When other beekeepers observe me working my hives, I often get comments about how gentle I am with my bees. I make a conscious effort not to crush any bees, but until recently, I did not realize how abnormal this was. Unfortunately, all you have to do is get on YouTube to see how most beekeepers handle their bees. If you are a commercial beekeeper with hundreds of hives, you probably cannot afford to spend the extra time, but for hobbyists there is really no reason to be crushing so many bees. Read on for helpful tips on how to be more gentle during hive inspections.
Many new beekeepers believe they should move quickly through a hive during inspections. They are worried about having the hive open for too long. Although this is a valid concern, it is better to take your time and move slowly. I often tell my students to move like they are doing tai chi: slow and controlled. When you move quickly you are more likely to drop, bang or scrape a frame and crush bees in the process. Each time a bee is crushed, she releases an alarm pheromone that agitates the hive. Fast movements also translate as more threatening to the bees and may cause them to react more defensively.
Usually when beginners struggle with the physical movements involved with inspecting a hive, their gloves are to blame. Many beekeepers wear gloves that are too big for them, but this is especially true for women. When handling the frames, the gloves get caught and can cause bumps and drops that would not have happened if you had more control. If your gloves are roomy, the bees cannot sting through them as easily, however you will lose dexterity. I prefer to wear tighter-fitting goat skin leather gloves or nitrile gloves. These days, I mostly wear nitrile. I only get stung through them when the bees are especially mean or when I accidentally put my finger down right on a bee. They don’t breathe like the leather, but the added dexterity is great. Other beekeepers prefer to wear no gloves at all. I live in an Africanized zone so, this is not an option for me, but once you are confident working your bees it could be an option for you.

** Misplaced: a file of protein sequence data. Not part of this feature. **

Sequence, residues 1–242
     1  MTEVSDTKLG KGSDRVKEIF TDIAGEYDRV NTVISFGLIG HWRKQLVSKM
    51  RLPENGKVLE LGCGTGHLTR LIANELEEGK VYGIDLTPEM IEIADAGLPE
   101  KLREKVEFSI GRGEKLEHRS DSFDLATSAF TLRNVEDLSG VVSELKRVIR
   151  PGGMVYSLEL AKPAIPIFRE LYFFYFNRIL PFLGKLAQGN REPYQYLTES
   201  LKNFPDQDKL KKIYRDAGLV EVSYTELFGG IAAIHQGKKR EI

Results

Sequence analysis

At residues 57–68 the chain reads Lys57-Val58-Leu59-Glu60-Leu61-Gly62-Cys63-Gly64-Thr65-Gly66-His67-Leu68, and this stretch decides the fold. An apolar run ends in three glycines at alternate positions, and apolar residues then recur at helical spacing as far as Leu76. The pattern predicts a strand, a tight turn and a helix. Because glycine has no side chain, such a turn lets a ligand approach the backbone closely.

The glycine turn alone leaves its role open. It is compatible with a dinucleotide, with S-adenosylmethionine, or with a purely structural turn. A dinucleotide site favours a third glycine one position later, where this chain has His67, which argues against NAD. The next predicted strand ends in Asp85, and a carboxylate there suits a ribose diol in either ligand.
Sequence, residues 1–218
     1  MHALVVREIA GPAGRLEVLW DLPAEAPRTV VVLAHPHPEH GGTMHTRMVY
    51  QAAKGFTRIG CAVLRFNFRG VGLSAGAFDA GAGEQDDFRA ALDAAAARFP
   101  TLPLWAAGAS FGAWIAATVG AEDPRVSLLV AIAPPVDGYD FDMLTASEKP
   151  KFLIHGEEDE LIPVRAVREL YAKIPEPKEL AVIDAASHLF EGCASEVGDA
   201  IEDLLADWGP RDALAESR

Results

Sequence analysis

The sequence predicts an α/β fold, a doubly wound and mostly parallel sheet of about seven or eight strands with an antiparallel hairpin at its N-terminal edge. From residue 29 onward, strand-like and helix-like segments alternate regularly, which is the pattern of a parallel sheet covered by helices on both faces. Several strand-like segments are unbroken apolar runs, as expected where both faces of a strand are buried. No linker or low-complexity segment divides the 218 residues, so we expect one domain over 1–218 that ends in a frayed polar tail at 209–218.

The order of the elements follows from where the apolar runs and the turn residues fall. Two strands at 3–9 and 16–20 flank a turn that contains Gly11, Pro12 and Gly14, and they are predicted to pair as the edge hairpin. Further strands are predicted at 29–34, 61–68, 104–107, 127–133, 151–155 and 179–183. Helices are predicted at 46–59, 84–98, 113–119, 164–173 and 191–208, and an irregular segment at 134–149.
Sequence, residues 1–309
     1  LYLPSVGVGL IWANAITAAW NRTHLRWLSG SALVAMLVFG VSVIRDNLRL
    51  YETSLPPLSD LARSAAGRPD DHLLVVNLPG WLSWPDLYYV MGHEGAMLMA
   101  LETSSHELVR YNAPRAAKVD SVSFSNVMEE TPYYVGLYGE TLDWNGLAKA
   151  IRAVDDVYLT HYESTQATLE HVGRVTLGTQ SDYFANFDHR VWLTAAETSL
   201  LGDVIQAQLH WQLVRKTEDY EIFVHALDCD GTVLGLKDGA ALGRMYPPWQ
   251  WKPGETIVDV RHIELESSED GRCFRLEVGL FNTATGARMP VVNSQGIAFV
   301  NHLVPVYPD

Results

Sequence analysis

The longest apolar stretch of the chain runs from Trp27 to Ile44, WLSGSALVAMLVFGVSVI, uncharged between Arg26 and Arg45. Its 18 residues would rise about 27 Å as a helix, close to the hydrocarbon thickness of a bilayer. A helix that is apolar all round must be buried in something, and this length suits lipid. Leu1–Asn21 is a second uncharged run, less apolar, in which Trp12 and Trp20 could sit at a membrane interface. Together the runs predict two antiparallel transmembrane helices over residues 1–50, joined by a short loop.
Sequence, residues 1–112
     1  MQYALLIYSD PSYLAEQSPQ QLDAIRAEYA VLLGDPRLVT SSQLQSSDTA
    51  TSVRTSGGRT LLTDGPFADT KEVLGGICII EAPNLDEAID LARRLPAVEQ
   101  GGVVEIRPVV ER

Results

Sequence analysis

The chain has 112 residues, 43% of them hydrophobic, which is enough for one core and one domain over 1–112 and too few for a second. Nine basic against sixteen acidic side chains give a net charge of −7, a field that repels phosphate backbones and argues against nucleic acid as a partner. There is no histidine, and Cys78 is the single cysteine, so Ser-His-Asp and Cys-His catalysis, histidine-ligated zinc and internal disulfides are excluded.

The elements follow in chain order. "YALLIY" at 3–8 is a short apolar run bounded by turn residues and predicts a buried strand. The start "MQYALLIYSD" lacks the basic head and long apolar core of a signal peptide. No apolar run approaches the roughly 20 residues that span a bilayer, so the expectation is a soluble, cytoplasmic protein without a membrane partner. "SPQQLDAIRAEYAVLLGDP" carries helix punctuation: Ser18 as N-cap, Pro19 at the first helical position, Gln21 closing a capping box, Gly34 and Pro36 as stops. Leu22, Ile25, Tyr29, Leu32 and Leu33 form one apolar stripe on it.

Bounce & Slide
Beekeepers probably crush the most bees when they are trying to put their hive back together. Restacking a Langstroth hive without crushing bees is a difficult feat. This is one reason why I love Top Bar Hives, its much harder to accidentally crush bees working this style of hive. But no matter what the hive style, I always bounce or slide the hive components as I put them back together. When you lower a frame back into the hive, for example, do so slowly and as you get close to making contact with the box, gently bounce the frame up and down so any bees in the way can move. This technique works great when pushing top bars back together as well. When you need to stack your supers you can bounce them or slowly slide them onto the top of the other box.
I also use my smoker as a tool for not crushing bees. If you are trying to push frames together and there are bees in the way, just use a few puffs of smoke to drive the bees away from the area you are working. When restacking supers, smoke across the top of the lower super before adding the upper one.
If you enjoyed this article and want more practical tips on hive inspections, check out my latest online beekeeping class! Use the promo code BACKYARDBEEKS to receive $10 off. Watch the trailer below.
Photos by Cam Buker.